Another scam came to light in March 2017 through an investigation called ‘Operacao Carne Fraca (Operation Weak Flesh). It was the result of the Operation Lava Jato only. This Operation Weak Flesh pursued mounting allegations that some employees of the JBS and BRF, the world’s largest beef and poultry exporters, continuously bribed food inspectors to approve the sale of spoiled products. Once the scam was public, the European Union, China, the US, Egypt, Japan and Mexico suspended their meat imports from Brazil with immediate effect. What has heralded more chaos to the political atmosphere of Brazil was subsequent scandals that rocked the country such as: Operacao Panatenaico, which exposed alleged bribes paid by construction companies in return for contracts to build stadiums for World Cup Brasilia in 2014; Oeracao Green Field, an investigation into the alleged fraud at the pension funds of state-run companies and finally, Operacao Zelotes, that is investigating kickbacks allegedly paid by corporate, including JBS and Ford’s Brazilian subsidiary to tax officials to reduce their liabilities. Thus as the economic crisis deepened, political leadership gradually failed to restore the confidence of the public on the public institutions.

These scandals have led to extreme level of complications to revive the ailing economy amid its biggest downturn in more than a century. Meanwhile, the largest of the corporate houses of the country have faced major setbacks and people have started losing their trust in them. And the fallout of all these scandals reverberated through the just concluded presidential election in Brazil.

Bolsonar’s sudden rise within a year was supported by these complicated elements both in the political and economic scenes. People came out to streets across Brazil and demanded strict action on the high-profile public personalities. In a nutshell, what commoners longed for was radical political transformation and a leadership that can prevent mega corruption scandals and crime in Brazil.

And, this has made Bolsonaro’s long and arduous road to presidency rather too short. He and his party fully exploited the raging public anger against the establishment. While drawing attention from populace, he unleashed a purely populist campaign unlike all his opponents. He even showered praise on his country’s military dictatorship that existed between 1964 and 1985, advocated death penalty, etc. Besides, he has praised the long ruled late Chilean dictator Augusto Pinochet, expressed support for tortures and wanted political opponents to be shot in his country. When it comes to foreign policy, he is planning to improve relations with America. On the economic front, he is continuously arguing for a market friendly and fully privatised economic system. At best, his entire political style can rightly be called as truly provocative and extremely polarising. Despite his aggressive and ultra-nationalist style, many in Brazil wanted an iron fist to fix the system.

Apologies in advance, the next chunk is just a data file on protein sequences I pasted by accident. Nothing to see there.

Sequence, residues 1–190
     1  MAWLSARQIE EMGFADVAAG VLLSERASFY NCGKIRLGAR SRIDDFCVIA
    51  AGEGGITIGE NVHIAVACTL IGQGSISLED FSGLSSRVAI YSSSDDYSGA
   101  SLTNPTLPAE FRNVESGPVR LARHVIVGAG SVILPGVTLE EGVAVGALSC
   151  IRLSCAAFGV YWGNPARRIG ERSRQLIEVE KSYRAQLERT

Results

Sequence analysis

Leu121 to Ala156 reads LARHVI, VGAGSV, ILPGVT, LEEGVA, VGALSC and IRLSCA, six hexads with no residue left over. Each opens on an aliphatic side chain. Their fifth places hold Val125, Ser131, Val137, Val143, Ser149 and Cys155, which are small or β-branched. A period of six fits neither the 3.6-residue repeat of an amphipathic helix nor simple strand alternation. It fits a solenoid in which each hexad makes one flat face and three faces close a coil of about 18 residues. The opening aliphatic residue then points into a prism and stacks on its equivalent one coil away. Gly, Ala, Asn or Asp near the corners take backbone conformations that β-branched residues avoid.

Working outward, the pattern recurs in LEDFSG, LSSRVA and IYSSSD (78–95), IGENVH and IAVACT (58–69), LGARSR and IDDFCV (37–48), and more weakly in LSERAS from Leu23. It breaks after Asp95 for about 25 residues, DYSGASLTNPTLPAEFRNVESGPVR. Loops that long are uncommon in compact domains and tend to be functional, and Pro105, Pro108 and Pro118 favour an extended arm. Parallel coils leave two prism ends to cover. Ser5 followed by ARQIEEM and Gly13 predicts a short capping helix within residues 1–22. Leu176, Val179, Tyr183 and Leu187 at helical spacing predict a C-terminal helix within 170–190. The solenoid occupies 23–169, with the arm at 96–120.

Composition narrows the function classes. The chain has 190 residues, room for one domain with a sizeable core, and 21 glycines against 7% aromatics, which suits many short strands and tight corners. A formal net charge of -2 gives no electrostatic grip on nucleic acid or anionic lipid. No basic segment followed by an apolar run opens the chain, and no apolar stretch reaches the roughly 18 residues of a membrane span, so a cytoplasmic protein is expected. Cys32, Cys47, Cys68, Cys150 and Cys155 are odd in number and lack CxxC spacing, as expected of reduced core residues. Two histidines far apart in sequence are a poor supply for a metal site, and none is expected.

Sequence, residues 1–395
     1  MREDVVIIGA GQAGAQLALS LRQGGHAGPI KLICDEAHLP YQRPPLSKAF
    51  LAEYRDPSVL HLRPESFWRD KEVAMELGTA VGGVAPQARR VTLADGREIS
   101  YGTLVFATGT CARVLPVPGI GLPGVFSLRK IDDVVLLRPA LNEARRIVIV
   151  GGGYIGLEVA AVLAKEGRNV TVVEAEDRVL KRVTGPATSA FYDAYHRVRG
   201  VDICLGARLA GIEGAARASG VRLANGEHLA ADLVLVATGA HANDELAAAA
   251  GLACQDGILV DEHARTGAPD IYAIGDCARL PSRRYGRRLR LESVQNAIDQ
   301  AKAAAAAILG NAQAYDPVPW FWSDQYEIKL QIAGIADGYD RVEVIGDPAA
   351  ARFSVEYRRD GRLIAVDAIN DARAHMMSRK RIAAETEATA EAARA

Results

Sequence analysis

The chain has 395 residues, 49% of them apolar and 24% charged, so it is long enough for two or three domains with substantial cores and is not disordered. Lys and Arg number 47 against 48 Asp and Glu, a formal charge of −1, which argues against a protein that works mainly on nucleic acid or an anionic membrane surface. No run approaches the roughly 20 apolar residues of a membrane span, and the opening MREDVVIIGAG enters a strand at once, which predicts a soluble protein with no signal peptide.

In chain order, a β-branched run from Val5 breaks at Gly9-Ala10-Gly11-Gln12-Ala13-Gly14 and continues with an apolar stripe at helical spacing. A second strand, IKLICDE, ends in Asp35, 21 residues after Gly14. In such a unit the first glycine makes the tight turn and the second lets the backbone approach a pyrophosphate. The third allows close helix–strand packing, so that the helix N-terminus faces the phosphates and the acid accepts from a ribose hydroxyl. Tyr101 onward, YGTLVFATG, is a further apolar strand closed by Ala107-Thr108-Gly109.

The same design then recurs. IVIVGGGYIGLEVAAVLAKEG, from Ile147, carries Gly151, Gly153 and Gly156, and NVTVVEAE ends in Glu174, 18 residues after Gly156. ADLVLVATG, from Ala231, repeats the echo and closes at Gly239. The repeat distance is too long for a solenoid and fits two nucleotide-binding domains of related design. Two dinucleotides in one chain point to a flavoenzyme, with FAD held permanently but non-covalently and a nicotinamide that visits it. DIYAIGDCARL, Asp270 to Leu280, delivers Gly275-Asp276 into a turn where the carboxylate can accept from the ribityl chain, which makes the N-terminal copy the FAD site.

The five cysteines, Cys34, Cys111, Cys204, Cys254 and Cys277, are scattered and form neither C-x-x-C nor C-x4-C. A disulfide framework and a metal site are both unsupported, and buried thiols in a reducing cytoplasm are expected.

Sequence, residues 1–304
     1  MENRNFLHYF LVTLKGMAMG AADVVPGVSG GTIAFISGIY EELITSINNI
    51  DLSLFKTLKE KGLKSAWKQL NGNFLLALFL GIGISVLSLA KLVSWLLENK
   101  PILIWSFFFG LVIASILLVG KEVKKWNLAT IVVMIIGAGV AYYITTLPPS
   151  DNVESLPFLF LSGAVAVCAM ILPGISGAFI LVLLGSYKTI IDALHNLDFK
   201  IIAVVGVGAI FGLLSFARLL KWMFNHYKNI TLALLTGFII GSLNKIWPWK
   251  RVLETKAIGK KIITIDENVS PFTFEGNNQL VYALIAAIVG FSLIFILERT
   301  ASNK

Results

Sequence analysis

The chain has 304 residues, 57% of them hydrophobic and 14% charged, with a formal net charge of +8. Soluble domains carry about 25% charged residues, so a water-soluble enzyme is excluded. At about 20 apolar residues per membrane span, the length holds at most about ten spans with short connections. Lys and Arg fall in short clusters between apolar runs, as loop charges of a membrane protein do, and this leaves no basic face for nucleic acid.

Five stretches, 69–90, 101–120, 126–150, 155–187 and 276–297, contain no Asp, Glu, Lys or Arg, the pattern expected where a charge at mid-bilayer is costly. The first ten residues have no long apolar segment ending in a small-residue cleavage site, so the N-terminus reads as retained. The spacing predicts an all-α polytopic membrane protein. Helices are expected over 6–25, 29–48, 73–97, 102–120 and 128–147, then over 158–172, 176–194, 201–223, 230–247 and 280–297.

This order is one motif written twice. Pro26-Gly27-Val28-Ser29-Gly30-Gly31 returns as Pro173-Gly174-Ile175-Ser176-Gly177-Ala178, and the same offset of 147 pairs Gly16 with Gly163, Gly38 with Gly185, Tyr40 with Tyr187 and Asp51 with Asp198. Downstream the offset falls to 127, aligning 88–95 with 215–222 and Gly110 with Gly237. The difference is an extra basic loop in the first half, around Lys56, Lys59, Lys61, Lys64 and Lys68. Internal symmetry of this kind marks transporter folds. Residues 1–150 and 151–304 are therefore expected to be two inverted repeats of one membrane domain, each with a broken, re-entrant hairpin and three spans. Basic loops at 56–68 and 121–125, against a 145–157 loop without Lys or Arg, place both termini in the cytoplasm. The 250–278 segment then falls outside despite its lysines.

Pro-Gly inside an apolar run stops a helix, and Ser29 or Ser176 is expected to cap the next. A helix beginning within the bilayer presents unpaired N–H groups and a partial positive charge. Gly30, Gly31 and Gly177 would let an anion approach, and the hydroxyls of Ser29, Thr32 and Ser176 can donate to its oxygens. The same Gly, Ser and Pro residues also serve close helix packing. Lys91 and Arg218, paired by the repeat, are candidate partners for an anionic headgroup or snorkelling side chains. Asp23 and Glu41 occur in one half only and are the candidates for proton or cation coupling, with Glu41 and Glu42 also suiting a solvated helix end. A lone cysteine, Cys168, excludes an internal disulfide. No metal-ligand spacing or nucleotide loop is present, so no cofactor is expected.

On record, the country has registered a record number of 64,000 murders last year. People are hopeless about the law and order. That is why it was possible for Bolsonaro to crush presidential candidates with temperate views and impressive track records. Looking at the final runoff election result, it can be easily concluded what common Brazilians rebelled against — corruption, crime and financial crisis of the nation — than what they voted for in this presidential election.

What has surprised the world is that the business leaders of Brazil have finally decided to back Bolsonaro. They have done so for the very simple reason that their free market capitalism can no longer suffer under an extremely confused and corrupted regime of Temer. And, finally the corporates have decided to back a fascist like Bolsonaro than risking Haddad’s moderate Left-wing.

However, Bolsonaro’s coming to power is sending missed signals to the international community, and the Brazilians. His will be another illiberal regime at the backyard of America. His policies if not crafted properly will not be able to revive the falling economy of the biggest country of South America. Now, Brazilians see a civil-military coalition government at the centre under Bolsonaro. He has already indicated that he will appoint personnel from the Army as ministers of his Government. When he formally takes over, he would face very little resistance from fellow Congressman on the issues such as flexibility on gun control and lowering the age of criminal responsibility. But he may soon face popular protests both from within and outside the Congress on matters like reducing pension spending and privatising the state owned enterprises. Though he is trying hard to paint himself as the “Tropical Trump”, for all his outrageous and hateful speeches, he has already earned the label of the “most misogynistic, hateful elected official in the democratic world”. It is better if he can bring back Brazil to normalcy by cracking down on corruption and crime. Else, the country will further slip into a permanent mess. And, the same voters who elected him to the hot seat may turn violent and demand his ouster sooner or later. Thus, he should tread cautiously.

(The writer is an expert on international affairs)